Christmas is a time of glad tidings and great joy, but it can also be a very difficult time for many people. Health and financial stresses, the loss of a loved one, loneliness, or strained family relationships can lead to the ‘holiday blues.’
Fr. Armenio said, “We need not panic if we have the right answers when we find ourselves blue.” Below are some of his suggestions:
Come Let Us Adore Him
Let’s commit ourselves to some Eucharistic adoration. That’s really living Advent and the Christmas season. Bethlehem means ‘house of bread,’ which is symbolic of a Church or a chapel, and a ‘manger’ is an apparatus from which animals eat, so there’s a lot of Eucharistic imagery in the birth of Jesus. I would say, maybe one of the reactions that would help the holiday blues is to spend more time in front of the tabernacle. And if you think that with all the festivities and the preparations you don’t have time, then that should be a little bit of a red flag.
Count Your Blessings
What is gratitude? Gratitude is identifying how a person has loved you, and recognizing that love. And that obviously applies to the blessings God has showered on us. Instead of saying, ‘I wish I were 16 years old, or 9 years old and eagerly looking for presents under the tree,’ I need to reflect on that and thank God that I was blessed to have those kinds of experiences. The vast majority of people do not have those experiences, and the countless blessings that we have during the Christmas season.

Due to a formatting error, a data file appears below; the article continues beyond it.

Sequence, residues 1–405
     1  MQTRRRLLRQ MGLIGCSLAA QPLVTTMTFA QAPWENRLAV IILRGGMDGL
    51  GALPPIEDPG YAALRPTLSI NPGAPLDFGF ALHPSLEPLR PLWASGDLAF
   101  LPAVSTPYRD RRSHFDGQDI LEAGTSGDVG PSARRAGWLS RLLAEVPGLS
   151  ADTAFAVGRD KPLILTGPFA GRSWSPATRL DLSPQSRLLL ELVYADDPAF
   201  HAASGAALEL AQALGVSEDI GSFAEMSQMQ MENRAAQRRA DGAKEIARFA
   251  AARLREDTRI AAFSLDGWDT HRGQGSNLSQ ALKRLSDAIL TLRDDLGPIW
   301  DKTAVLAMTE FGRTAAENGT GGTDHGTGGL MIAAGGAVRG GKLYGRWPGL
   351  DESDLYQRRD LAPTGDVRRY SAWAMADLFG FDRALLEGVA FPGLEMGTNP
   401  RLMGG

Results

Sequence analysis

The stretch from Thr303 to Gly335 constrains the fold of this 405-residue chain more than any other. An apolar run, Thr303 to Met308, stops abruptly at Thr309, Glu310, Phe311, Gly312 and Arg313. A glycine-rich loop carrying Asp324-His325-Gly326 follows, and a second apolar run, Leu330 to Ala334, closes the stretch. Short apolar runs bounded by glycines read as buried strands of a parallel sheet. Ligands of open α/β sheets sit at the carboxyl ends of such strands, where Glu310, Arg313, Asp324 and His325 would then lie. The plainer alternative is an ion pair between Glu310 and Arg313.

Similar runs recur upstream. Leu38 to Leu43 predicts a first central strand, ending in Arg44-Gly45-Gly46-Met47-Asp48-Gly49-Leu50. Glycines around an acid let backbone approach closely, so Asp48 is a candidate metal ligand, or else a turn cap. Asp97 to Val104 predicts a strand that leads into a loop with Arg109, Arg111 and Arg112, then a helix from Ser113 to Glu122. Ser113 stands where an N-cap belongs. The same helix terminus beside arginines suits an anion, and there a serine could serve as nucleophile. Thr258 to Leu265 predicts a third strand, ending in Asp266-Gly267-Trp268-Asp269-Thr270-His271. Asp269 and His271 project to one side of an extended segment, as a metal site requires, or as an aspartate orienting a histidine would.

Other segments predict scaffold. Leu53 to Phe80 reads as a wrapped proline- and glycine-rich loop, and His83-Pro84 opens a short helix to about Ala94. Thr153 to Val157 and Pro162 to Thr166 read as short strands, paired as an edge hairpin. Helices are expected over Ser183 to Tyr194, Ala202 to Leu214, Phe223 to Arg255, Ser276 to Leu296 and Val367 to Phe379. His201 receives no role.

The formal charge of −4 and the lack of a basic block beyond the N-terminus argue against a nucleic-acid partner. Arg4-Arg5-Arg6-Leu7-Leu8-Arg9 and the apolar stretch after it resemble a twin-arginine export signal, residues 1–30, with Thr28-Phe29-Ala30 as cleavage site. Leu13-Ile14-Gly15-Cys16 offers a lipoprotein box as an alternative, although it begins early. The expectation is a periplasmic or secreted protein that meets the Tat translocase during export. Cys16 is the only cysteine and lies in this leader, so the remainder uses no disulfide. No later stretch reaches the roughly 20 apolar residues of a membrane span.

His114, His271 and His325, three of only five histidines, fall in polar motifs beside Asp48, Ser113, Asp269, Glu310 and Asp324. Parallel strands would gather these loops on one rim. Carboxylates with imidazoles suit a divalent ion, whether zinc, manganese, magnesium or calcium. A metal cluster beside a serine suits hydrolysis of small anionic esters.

Give of Yourself
I would recommend as much as possible to reach out to people. To family, or if family is not in the immediate vicinity, to friends. This is all very Christian and in keeping with the Christmas season. And if possible, do corporal works of mercy. That also engenders thanksgiving. At my age, good friends of mine are in rehab centers, nursing homes, they have conditions like Parkinson’s, dementia, etc. and it’s always a joy to reach out and lift somebody’s spirit. It is always an encounter with Christ.
The more we give of ourselves to others, the more true joy sets in.
Keep Your Eyes on Heaven
Our faith tells us that part of our ideal Christmas is to one day be reunited, together in heaven contemplating God. St. Paul said that you cannot even imagine the joy and the happiness that will occur in the Beatific Vision. But don’t fight the sorrow, because that’s part of being Christian as well. Without my loved one there is sorrow, and there’s a reminder that they’re not here, but on a deeper level they’re in heaven, enjoying Christmas and interceding. And one day we’ll be reunited.
Find the Silver Lining
I would say there’s a silver lining in those blues. Because as wonderful as health is, or being with loved ones, or getting the presents of your desires – they’re overrated. These are partial goods that can never satisfy the human heart. And this is a time to be really centered on Christ.
Listen to the full conversation with Fr. Peter Armenio below:
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